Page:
Before he was the 44th POTUS and Michelle’s husband, Barack Obama was a regular sex machine — so good that a gal pal wrote poems about their lovemaking, a new biography claims.
“B. That’s for you. F’s for all the f—ing that we do,” gushed Genevieve Cook, an Australian-born woman who hopped in the sack with the then-22-year-old Obama after their very first date in Manhattan.
“We went and talked in his bedroom. And then I spent the night. It all felt very inevitable,” Cook wrote in the diary, which was revealed in the biography, “Rising Star: The Making of Barack Obama.”
Obama had just graduated from Occidental College in LA and was working in Manhattan in 1983 when he met Cook, the well-traveled daughter of an Aussie spy and diplomat who was three years Obama’s senior.
“All this f—ing was so much more than lust,” the book quotes a passage from her diary, according to the Daily Mail. “Making love with Barack, so warm and flowing and soft but deep — relaxed and loving — opening up more.”
Their first night spent together came after they had dinner in his apartment on West 114th Street, according to Cook.
“The thing that connected us is that we both came from nowhere — we really didn’t belong,” she recalled. “Sexually he really wasn’t very imaginative but he was comfortable. He was no kind of shrinking ‘can’t handle it. This is invasive’ or ‘I’m timid’ in any way; he was quite earthy.”
During their relationship, the two enjoyed cocaine together, the book claims — though Obama was not that into it. “For every five lines that somebody did, he would have done half,” Cook said.
The book also details the live-in lover whose hand in marriage Obama asked for twice — and with whom he cheated on Michelle in the early days of their relationship.
The first refusal from Sheila Miyoshi Jager, who is now an Oberlin College associate professor, came because her mom thought she and Obama — who were 23 and 25, respectively — were too young.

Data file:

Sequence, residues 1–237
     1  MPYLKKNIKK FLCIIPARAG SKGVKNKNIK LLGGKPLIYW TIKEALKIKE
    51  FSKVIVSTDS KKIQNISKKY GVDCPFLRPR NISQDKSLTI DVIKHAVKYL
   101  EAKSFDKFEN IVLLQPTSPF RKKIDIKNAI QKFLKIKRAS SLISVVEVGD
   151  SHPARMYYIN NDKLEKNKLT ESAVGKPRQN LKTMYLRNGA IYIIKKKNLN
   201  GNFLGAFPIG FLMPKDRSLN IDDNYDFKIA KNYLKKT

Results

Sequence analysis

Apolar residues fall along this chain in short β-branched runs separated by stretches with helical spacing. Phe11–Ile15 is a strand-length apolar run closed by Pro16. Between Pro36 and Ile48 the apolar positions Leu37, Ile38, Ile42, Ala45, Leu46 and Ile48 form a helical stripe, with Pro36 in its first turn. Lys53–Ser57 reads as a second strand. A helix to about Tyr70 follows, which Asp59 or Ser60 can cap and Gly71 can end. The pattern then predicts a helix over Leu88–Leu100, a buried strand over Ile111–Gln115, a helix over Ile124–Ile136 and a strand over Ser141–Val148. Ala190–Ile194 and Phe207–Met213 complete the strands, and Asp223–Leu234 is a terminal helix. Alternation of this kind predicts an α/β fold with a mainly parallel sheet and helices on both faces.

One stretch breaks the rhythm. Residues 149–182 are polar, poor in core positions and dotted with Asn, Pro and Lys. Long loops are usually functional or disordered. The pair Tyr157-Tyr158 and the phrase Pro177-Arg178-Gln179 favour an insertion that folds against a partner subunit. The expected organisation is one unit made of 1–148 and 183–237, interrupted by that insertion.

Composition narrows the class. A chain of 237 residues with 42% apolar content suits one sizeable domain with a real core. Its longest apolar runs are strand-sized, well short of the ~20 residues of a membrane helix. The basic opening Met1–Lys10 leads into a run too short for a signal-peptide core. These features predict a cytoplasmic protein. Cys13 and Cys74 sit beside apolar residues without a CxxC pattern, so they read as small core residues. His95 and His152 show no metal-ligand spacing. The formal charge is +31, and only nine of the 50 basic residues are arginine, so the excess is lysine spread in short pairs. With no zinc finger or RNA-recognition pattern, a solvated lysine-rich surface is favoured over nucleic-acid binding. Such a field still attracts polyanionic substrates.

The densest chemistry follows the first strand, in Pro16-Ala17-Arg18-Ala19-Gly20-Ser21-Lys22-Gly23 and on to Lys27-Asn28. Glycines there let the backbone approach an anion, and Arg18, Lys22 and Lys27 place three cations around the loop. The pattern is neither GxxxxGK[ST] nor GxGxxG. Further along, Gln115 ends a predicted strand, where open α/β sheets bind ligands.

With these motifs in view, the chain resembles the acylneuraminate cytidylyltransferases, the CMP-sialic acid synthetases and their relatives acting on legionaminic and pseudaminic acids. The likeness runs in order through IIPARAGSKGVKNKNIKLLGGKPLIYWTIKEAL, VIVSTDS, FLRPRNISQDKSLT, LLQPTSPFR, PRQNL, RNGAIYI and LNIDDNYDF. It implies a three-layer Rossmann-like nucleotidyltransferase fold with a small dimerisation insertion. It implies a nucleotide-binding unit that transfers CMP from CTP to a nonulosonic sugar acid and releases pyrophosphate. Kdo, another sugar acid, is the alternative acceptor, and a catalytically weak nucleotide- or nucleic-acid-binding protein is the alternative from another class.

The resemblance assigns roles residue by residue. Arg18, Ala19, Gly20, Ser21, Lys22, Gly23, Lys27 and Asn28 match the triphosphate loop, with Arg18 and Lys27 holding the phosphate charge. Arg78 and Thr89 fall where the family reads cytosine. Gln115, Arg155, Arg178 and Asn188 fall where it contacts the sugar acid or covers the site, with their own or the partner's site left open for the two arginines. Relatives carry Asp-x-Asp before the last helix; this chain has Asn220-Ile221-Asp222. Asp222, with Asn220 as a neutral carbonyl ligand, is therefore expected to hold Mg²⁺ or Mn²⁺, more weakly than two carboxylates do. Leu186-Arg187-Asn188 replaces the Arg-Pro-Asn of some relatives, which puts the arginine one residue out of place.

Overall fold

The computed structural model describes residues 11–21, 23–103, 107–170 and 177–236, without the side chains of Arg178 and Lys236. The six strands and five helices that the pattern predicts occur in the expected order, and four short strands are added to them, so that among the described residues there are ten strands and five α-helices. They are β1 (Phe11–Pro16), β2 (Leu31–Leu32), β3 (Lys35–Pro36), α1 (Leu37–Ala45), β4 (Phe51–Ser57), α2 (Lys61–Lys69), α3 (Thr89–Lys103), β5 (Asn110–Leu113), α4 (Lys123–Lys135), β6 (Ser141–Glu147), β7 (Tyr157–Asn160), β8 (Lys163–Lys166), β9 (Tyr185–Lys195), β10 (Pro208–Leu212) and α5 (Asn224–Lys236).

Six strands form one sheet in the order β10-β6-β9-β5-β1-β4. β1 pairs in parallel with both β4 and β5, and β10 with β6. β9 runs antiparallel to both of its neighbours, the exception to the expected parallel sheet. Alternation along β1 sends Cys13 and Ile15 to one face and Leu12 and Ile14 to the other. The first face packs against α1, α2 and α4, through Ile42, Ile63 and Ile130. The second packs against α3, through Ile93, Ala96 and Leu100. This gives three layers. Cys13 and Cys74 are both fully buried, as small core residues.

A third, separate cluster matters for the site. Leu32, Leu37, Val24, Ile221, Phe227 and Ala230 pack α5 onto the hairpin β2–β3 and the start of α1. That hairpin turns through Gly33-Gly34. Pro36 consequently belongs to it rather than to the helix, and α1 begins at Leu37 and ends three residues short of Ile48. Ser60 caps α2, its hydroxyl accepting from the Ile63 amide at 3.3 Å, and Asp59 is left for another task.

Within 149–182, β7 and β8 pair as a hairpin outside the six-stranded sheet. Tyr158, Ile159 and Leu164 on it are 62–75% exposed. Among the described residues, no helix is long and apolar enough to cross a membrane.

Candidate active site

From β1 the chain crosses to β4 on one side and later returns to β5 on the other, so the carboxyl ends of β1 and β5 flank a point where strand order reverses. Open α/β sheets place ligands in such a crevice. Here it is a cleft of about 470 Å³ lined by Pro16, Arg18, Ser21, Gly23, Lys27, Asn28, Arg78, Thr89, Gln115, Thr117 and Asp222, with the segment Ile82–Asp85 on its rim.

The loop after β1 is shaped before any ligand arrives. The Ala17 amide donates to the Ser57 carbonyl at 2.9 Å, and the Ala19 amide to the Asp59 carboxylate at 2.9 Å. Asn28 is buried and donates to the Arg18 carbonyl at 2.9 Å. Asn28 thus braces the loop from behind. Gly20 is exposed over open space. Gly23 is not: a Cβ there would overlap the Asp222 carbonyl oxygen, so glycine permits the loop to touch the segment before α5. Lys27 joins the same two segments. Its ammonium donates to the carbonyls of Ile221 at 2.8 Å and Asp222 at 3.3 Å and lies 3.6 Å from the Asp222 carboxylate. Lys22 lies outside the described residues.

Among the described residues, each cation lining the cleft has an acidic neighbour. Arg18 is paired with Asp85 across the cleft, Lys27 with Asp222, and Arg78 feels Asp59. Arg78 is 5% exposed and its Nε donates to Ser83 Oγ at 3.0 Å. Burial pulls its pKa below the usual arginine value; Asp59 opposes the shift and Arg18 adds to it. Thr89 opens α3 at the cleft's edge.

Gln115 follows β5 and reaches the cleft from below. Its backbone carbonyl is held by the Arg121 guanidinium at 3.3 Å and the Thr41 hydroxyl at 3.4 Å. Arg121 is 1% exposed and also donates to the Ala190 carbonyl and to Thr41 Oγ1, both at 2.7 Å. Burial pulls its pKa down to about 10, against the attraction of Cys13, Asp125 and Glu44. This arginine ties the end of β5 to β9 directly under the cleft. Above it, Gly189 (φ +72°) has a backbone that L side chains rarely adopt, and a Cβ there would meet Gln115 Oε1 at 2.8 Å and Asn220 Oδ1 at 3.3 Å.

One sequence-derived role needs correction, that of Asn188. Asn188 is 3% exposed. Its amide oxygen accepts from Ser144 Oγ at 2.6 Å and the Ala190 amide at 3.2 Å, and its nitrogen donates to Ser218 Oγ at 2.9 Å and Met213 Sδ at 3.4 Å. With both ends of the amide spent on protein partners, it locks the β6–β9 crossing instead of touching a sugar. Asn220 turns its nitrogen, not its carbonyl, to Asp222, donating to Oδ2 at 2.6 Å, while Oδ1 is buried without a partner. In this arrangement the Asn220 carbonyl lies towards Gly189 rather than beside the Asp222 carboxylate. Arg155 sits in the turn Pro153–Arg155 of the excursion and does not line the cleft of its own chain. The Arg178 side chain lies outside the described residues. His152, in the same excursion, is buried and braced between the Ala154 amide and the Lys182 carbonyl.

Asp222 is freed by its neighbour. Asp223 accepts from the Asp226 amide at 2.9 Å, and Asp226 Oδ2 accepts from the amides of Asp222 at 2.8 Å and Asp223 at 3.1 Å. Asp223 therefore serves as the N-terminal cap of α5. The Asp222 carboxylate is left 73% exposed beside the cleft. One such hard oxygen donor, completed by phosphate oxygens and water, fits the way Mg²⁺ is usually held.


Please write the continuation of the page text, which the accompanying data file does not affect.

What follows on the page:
But her second refusal came as the Harvard-bound Obama wrestled with his political and romantic aspirations — and what he saw as the advantages of marrying a black woman if he was to someday ascend to the presidency.
Jager is of Dutch and Japanese heritage. “He felt trapped between the woman he loved and the destiny he knew was his,” biographer David Garrow writes.
Obama and Jager kept seeing each other, even as Obama began a new relationship with the woman he’d take all the way to the White House, Michelle Robinson, the book says.
“I always felt bad about it,” Jager said of their continuing to see each other, off and on, as his romance with Michelle blossomed.
Ultimately, while still in his mid-20s, Obama broke it off with Jager entirely.
Obama realized “he had to fully identify as African-American,” Garrow writes of the then-community organizer mulling his first high-profile political run.
“For black politicians in Chicago, [Garrow] writes, a non-African-American spouse could be a liability,” the Washington Post review notes of Obama’s reasoning.
“If I am going out with a white woman, I have no standing here,” Garrow says Obama told a friend at the time.
It was a damningly calculated trade-off, Garrow writes.
“While the crucible of self-creation had produced an ironclad will,” he writes, “the vessel was hollow at its core.”
Despite her huge role in his 20s, Jager would be almost entirely omitted from Obama’s own memoir, “Dreams from My Father.”
While at Harvard Law School, Obama gained a reputation as an annoyingly compulsive orator, says Garrow, who won a Pulitzer Prize for his biography of Martin Luther King Jr. In his late 20s, Obama had the irksome habit of summarizing other people’s arguments for them, the book reveals.
“In law school, the only thing I would have voted for Obama to do would have been to shut up,” one student told Garrow.
Classmates created an “Obamanometer,” to rank “how pretentious someone’s remarks are in class,” Garrow writes.
The 1,078-page book is set to be released on May 9.
Among the more shocking revelations, according to Garrow, was that Obama briefly considered pursuing a relationship with a much-admired professor at Occidental.
It was the winter of 1980, and Lawrence Goldyn, a Ph.D. and political science instructor, had “made a huge impact on Barry Obama,” Garrow writes, according to the Mail.
The professor — who was considered fun and engaging by the students in Obama’s class — was one of the first openly gay people that the future president ever met in his life, and their friendship “helped to educate me,” Obama once said, according to Garrow’s reporting.
Obama would later confide to a girlfriend that “he had thought about and considered gayness but ultimately decided that a same-sex relationship would be less challenging and demanding than developing one with the opposite sex,” Garrow writes.
NEW YORK POST